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Egypt raises death toll in Sinai mosque attack to 305



Egypt's chief prosecutor on Saturday raised the death toll to 305 from a cold-blooded attack by dozens of militants — some carrying Islamic State flags — on a mosque in the country's troubled northern Sinai region.

Nabil Sadeq said 27 children were among the dead and more than 125 people were injured in the attack during Friday prayers.
In the highly coordinated assault, more than 25 militants, some wearing fatigues, black T-shirts and masks, descended on the mosque in the small town of Bir al-Abd in five all-terrain vehicles, taking up positions outside the main door and around the 12 windows before opening fire.

Witnesses said gunmen detonated a bomb at the end of prayers and then opened fire as people tried to flee, Reuters reported. The gunmen even fired on ambulances and set cars on fire to block roads, witnesses said.

The prosecutor's statement, which dramatically raised the earlier death toll of 235, quoted survivors saying attackers not wearing masks sported heavy beards and long hair. 

Friday’s assault was the first major militant attack on a Muslim congregation in Egypt, and eclipsed past attacks, even dating back to a previous Islamic militant insurgency in the 1990s.

The mosque is frequented by Sufis, members of a mystic movement within Islam. Islamic militants, including the local affiliate of the Islamic State group, consider Sufis heretics because of their less literal interpretations of the faith.

Although no group has claimed responsibility for the attack, the Egyptian air force destroyed vehicles purportedly used by the terrorists to execute the attack and killed some of the militants.

President Abdel-Fattah el-Sissi vowed the attack “will not go unpunished” and that Egypt would persevere in its war on terrorism.

Army spokesman Tamer El-Refaie issued a statement saying terrorist hideouts were also targeted by the forces.

In an official statement issued within hours of the attack, he said "law enforcement forces in North Sinai remain in cooperation with the air forces to comb terrorist hideouts and find and eliminate the rest of extremists," Al-Ahram, the government-opened daily newspaper, reported.

The Egyptian military and security forces have long waged a tough campaign against militants in the towns, villages and desert mountains of Sinai, and Egypt has been in a state of emergency since April. Across the country, thousands have been arrested in a crackdown on suspected Islamists as well as against other dissenters and critics, raising concern about human rights violations.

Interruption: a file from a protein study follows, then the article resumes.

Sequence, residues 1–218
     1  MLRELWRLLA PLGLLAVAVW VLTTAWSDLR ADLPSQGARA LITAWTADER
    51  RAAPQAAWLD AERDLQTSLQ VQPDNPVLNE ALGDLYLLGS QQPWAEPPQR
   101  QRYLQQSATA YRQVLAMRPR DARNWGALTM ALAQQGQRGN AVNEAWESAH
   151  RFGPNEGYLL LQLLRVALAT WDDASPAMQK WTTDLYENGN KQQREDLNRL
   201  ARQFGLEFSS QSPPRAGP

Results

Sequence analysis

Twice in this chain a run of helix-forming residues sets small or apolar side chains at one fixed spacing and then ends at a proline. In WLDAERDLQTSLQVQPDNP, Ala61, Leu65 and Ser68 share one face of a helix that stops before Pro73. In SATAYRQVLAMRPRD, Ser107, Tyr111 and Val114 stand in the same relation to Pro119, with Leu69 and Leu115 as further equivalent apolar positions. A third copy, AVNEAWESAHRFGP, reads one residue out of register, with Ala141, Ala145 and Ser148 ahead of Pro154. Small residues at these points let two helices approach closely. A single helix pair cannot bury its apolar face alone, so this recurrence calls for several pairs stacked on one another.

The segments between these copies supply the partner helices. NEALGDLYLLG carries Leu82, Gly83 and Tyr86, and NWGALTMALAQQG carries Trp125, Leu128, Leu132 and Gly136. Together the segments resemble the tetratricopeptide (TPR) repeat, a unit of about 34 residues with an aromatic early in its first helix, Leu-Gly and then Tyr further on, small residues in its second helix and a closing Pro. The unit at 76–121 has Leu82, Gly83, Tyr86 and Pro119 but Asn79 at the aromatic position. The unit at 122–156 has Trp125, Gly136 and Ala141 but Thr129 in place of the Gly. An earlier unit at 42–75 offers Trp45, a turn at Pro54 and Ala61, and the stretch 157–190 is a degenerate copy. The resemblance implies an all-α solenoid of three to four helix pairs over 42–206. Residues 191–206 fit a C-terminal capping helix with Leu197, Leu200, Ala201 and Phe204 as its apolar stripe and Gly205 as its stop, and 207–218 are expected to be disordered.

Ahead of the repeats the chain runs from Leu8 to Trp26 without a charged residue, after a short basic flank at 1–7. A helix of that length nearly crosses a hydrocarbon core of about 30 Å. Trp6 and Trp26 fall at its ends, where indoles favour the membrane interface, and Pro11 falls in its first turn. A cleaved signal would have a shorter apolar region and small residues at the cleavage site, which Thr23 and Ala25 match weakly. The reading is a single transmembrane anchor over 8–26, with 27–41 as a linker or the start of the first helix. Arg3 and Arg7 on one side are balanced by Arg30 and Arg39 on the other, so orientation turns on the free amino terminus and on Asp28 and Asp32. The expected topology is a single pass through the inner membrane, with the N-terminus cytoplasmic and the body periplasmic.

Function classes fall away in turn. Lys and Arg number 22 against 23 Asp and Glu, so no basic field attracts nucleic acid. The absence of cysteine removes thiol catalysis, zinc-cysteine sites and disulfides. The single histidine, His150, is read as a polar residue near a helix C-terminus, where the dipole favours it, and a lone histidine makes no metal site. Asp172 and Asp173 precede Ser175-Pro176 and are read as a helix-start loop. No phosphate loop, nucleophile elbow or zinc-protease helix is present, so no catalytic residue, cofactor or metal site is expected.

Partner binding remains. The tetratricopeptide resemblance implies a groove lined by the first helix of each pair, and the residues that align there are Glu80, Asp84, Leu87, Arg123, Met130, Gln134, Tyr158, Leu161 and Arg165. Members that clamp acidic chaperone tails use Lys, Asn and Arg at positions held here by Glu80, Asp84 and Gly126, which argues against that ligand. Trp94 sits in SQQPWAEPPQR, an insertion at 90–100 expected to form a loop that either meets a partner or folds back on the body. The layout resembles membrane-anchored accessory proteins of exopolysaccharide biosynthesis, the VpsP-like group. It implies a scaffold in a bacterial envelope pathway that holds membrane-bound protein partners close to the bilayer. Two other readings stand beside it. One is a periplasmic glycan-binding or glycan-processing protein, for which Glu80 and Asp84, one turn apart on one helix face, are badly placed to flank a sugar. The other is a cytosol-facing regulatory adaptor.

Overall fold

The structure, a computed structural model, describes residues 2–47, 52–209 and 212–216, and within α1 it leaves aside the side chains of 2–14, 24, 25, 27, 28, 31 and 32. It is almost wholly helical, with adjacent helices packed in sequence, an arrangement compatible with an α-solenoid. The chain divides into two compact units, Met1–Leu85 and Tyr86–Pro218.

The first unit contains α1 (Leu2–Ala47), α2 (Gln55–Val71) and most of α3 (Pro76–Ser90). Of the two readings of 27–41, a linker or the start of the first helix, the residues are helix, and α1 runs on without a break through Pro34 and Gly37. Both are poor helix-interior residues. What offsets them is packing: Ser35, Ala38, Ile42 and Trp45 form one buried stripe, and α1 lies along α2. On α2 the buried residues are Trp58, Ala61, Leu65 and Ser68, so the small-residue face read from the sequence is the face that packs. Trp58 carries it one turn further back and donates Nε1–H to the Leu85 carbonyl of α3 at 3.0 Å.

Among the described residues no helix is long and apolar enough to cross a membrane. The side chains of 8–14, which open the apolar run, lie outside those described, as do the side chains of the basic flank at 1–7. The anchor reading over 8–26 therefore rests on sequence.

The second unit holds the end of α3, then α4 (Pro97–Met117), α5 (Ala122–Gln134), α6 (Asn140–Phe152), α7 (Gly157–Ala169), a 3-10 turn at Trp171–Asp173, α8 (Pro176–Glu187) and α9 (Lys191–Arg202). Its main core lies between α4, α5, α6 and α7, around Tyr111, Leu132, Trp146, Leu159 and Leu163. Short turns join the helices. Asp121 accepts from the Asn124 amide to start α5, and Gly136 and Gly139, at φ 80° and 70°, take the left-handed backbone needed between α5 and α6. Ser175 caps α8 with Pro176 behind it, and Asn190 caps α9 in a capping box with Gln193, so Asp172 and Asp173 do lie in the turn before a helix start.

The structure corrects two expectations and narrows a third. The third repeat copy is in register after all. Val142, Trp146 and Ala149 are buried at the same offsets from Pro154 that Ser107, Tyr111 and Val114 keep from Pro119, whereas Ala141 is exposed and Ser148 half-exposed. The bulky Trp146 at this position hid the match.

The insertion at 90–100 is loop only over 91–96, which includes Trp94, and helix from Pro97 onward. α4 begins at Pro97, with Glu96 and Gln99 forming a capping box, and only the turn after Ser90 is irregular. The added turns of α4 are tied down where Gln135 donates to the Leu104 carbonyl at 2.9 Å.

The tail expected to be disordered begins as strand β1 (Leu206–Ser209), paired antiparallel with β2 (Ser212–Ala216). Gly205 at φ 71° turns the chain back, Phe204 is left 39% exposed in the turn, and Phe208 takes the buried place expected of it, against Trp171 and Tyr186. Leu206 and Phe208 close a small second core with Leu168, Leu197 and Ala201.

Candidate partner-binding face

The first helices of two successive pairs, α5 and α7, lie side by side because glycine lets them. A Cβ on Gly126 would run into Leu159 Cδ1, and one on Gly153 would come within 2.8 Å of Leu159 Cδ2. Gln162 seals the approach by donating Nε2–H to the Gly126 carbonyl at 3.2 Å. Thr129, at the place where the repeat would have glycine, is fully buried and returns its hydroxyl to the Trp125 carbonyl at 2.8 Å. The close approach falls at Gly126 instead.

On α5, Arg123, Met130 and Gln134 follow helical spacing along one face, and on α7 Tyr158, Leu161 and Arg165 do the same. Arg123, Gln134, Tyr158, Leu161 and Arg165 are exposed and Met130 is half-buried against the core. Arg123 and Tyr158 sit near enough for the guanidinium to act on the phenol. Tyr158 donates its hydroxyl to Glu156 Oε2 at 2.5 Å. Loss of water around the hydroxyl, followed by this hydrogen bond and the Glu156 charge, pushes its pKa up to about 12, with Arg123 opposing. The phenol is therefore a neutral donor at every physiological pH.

Seeking to spread the violence, militants over the past year have carried out deadly bombings on churches in the capital of Cairo and other cities, killing dozens of Christians. The Islamic State affiliate is also believed to be behind the 2016 downing of a Russian passenger jet that killed 226 people over Sinai.

The chief prosecutor’s statement offered the most detailed account of the cold-blooded assault on worshippers, the deadliest by Islamic extremists in Egypt’s modern history.

Witnesses also offered graphic details of the assault in interviews with The Associated Press on Saturday in the Suez Canal city of Ismailia, where some of the wounded are hospitalized.
Sulieman Awad receives medical treatment at the hospital. 
They said the attack lasted some 20 minutes, with militants calmly firing on worshippers, driving many to jump out of windows or stampede into a corridor.


One witness, Ebid Salem Mansour, said the imam had barely made it atop the mosque pulpit to deliver the sermon when intense gunfire rang out.

Mansour, a 38-year-old worker in a nearby salt factory, suffered two gunshot wounds in the legs. He told the Associated Press that worshippers fell to the floor and kept their heads down.

"If you raised your head you get shot,” he said. “The shooting was random and hysterical at the beginning and then became more deliberate: Whoever they weren’t sure was dead or still breathing was shot dead.”

The militants shouted "Allahu Akbar," or God is great, and children screamed, Mansour said.

“I knew I was injured but I was in a situation that was much scarier than being wounded. I was only seconds away from a certain death,” he said. As the shooting took place, many of the worshippers recited their final prayers, he added.
Egypt raises death toll in Sinai mosque attack to 305 Reviewed by Aderoju Olaitan on 4:58 pm Rating: 5
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